Home : Media : News : News Display

U.S. Official Salutes South Korea’s ‘Very Strong’ Military


By Jim Garamone
DoD News, Defense Media Activity
RELATED MEDIA
SEOUL —

The South Korean military is among the best in the world, and it is the largest part of the force that will “fight, tonight” if North Korea attacks, said a U.S. Forces Korea official speaking on background.

Marine Corps Gen. Joe Dunford, chairman of the Joint Chiefs of Staff, meets with South Korea Air Force Gen. Jeong Kyeong-doo, chairman of South Korea’s Joint Chiefs of Staff
Marine Corps Gen. Joe Dunford, chairman of the Joint Chiefs of Staff, meets with South Korea Air Force Gen. Jeong Kyeong-doo, chairman of South Korea’s Joint Chiefs of Staff, for the 42nd Military Committee Meeting at South Korea’s Joint Chiefs of Staff Headquarters in Seoul, South Korea, Oct. 27, 2017. DoD photo by Navy Petty Officer 1st Class Dominique A. Pineiro
Marine Corps Gen. Joe Dunford, chairman of the Joint Chiefs of Staff, meets with South Korea Air Force Gen. Jeong Kyeong-doo, chairman of South Korea’s Joint Chiefs of Staff Chairman Meets Chairman
Marine Corps Gen. Joe Dunford, chairman of the Joint Chiefs of Staff, meets with South Korea Air Force Gen. Jeong Kyeong-doo, chairman of South Korea’s Joint Chiefs of Staff, for the 42nd Military Committee Meeting at South Korea’s Joint Chiefs of Staff Headquarters in Seoul, South Korea, Oct. 27, 2017. DoD photo by Navy Petty Officer 1st Class Dominique A. Pineiro

The official spoke to reporters traveling with Marine Corps Gen. Joe Dunford, the chairman of the Joint Chiefs of Staff. Dunford is here to participate in the Military Committee Meeting with his South Korean counterpart Air Force Gen. Jeong Kyeong-doo.

‘Fight, Tonight’

Much of the discussion in the Military Committee Meeting is on the military capabilities and capacities that the United States and South Korea bring to the ability to “fight, tonight.”

By itself, the South Korean military is an excellent force. When it is combined with U.S. forces it is world class, the official said.

North Korea is a dangerous state, the official said, noting the North Korean military gets the lion’s share of resources in the country. And, while North Korea’s leader Kim Jong Un is working to develop nuclear weapons and the means to deliver them, North Korea’s conventional forces are a worry, as well, he said.

The North has much of Seoul -- South Korea’s capital city with 25 million people -- within range of artillery over the demilitarized zone, the official said. The North has 950,000 service members on active duty and another 600,000 reserve personnel.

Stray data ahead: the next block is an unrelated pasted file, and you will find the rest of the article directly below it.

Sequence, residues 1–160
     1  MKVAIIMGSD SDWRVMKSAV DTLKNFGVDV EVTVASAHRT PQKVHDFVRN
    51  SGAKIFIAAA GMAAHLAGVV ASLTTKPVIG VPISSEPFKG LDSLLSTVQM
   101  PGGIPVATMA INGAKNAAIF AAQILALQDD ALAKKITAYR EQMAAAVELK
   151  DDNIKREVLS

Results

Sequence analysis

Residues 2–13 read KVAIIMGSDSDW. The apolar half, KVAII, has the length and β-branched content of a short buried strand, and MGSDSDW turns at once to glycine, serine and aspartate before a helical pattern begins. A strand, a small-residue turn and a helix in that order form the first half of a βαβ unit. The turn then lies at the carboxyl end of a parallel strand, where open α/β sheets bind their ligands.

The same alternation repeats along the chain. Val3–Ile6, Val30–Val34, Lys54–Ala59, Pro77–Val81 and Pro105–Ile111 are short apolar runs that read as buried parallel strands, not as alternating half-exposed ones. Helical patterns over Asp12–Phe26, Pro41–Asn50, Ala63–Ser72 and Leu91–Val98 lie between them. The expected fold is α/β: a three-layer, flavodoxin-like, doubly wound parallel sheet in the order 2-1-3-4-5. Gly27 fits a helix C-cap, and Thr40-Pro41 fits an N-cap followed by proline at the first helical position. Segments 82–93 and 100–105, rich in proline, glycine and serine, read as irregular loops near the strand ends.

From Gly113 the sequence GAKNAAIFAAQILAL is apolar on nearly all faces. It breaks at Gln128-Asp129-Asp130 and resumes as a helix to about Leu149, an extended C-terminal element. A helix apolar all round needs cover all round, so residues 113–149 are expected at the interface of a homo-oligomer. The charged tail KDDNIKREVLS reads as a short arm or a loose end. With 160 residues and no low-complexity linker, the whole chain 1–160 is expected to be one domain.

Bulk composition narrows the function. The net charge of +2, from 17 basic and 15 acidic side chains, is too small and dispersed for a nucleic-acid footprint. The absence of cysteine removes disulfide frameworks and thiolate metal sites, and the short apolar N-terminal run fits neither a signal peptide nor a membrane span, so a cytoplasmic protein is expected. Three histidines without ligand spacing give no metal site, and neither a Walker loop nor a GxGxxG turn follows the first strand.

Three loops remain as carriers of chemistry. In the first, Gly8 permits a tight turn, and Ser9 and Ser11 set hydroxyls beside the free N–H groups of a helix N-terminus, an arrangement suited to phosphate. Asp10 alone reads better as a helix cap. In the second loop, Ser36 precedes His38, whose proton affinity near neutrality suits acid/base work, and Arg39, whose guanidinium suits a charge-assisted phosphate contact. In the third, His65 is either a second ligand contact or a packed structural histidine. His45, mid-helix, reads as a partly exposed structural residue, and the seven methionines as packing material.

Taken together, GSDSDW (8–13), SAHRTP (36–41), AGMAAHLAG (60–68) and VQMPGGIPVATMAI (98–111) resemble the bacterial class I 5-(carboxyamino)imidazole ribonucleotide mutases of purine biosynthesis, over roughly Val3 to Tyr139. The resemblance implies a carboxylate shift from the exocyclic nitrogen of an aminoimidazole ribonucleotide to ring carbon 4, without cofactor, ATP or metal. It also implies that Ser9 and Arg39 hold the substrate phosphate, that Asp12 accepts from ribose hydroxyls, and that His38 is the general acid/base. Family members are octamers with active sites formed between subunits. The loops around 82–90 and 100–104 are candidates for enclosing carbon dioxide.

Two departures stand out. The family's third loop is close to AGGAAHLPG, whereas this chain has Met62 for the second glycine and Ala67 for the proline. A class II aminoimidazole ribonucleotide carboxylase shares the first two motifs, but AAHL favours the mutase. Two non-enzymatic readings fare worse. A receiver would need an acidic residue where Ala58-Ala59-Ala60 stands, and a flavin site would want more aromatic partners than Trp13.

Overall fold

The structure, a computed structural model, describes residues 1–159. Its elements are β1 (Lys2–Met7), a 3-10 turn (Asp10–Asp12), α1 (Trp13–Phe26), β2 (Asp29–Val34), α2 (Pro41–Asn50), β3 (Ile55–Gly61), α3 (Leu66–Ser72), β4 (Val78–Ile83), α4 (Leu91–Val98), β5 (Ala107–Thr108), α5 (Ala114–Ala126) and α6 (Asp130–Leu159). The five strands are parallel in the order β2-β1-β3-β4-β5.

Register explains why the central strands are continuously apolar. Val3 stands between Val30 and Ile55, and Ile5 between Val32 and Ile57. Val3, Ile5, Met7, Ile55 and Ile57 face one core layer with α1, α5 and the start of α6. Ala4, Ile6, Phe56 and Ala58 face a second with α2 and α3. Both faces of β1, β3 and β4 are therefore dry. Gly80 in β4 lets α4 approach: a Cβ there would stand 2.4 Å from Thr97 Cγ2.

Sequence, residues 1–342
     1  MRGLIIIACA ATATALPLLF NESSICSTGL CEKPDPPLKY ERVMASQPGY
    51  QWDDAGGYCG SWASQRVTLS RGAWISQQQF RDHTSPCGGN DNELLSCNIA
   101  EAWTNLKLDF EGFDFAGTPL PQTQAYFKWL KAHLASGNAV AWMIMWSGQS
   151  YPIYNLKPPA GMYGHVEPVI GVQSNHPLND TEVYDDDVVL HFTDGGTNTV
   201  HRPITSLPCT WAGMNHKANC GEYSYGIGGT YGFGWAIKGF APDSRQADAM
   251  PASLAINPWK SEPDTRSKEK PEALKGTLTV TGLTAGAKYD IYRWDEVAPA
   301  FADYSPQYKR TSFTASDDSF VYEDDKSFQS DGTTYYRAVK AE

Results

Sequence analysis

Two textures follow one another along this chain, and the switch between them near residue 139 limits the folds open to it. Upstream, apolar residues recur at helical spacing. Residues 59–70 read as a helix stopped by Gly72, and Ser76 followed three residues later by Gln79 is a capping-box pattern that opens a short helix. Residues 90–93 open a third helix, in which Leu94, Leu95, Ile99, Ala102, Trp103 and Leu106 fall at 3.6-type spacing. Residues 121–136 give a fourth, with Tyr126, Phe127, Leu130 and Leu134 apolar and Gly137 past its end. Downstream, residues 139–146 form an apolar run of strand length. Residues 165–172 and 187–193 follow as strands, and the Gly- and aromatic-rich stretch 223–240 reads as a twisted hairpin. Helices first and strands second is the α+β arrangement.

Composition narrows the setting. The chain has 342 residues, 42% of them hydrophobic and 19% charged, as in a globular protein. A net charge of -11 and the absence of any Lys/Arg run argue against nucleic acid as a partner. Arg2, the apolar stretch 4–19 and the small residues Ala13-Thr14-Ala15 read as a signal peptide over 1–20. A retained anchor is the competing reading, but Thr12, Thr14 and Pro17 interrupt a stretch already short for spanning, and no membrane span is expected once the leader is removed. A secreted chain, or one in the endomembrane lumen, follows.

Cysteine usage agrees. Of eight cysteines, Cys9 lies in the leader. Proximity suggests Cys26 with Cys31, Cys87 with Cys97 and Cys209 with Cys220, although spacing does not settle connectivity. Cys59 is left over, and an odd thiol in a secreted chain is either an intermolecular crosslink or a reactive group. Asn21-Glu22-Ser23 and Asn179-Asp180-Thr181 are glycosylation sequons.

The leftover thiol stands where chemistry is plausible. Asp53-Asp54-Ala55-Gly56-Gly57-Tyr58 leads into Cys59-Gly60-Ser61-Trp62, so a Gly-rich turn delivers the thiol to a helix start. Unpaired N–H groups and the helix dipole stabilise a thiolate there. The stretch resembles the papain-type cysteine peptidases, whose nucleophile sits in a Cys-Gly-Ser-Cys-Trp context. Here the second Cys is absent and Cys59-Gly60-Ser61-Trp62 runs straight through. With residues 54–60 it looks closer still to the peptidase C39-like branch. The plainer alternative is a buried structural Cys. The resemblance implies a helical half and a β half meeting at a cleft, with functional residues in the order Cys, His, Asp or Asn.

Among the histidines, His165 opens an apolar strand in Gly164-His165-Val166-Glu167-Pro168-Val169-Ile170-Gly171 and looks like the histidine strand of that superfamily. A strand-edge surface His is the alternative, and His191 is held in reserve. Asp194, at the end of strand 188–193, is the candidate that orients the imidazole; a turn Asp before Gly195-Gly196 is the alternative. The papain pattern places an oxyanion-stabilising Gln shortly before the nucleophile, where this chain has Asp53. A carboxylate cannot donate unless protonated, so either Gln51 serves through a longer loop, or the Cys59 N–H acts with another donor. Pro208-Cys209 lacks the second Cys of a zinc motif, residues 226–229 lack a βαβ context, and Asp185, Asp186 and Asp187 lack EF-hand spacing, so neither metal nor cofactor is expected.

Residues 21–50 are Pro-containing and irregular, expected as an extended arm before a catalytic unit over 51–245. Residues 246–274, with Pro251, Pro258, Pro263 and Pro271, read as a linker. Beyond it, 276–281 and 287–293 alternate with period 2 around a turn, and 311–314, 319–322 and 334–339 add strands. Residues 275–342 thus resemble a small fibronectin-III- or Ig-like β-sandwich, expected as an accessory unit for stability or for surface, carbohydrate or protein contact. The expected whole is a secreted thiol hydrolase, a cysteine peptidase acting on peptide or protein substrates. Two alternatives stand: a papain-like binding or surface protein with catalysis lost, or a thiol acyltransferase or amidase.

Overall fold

South Korean Military

The South Korean military is extremely capable, the official said. The United States and South Korea are strongly tied to one another with U.S. assets aiding the South Koreans and vice versa. The two nations train to the same standards, the official said, and use the same battlefield tactics, techniques and procedures.

“From a person who has worked with a lot of different countries, I put them at the high-end of capability,” the official said of South Korea’s military. “I wouldn’t stretch it to say it is an absolute replacement for a U.S. capability, but combined it is very strong.”

South Korea has a formidable force of its own with about 625,000 service members on active duty and about 3 million in reserve, he said. South Korea has military conscription.

An honor guard preps for the arrival of Marine Corps Gen. Joe Dunford.
A South Korean honor guard prepares for the arrival of Marine Corps Gen. Joe Dunford, chairman of the Joint Chiefs of Staff, before the 42nd Military Committee Meeting at the South Korea Joint Chiefs of Staff Headquarters in Seoul, South Korea, Oct. 27, 2017. DoD photo by Navy Petty Officer 1st Class Dominique A. Pineiro
An honor guard preps for the arrival of Marine Corps Gen. Joe Dunford. Arrival of Chairman
A South Korean honor guard prepares for the arrival of Marine Corps Gen. Joe Dunford, chairman of the Joint Chiefs of Staff, before the 42nd Military Committee Meeting at the South Korea Joint Chiefs of Staff Headquarters in Seoul, South Korea, Oct. 27, 2017. DoD photo by Navy Petty Officer 1st Class Dominique A. Pineiro

The South Koreans also have an economy to buy and maintain modern military equipment, the official said.

North Korean Military Capabilities

North Korea’s conventional military capabilities “are in the decline,” the official said, “because of the economy, because of their austerity.”

North Korea’s aircraft are old, as are its tanks and armored personnel carriers, the official said. North Korea’s navy has a number of submarines, but it is uncertain how capable they are, he added.

Just comparing capabilities, the official said he’d South Korea’s military capability “way above that of the North.”

But the North has the numbers and “quantity has a quality all its own,” the official said.

“I do not dismiss the conventional threat from the North,” he said. “But the [North’s] unconventional threat -- the nukes, the missiles, cyber capabilities, special operations forces -- are growing.”

(Follow Jim Garamone on Twitter: @GaramoneDoDNews)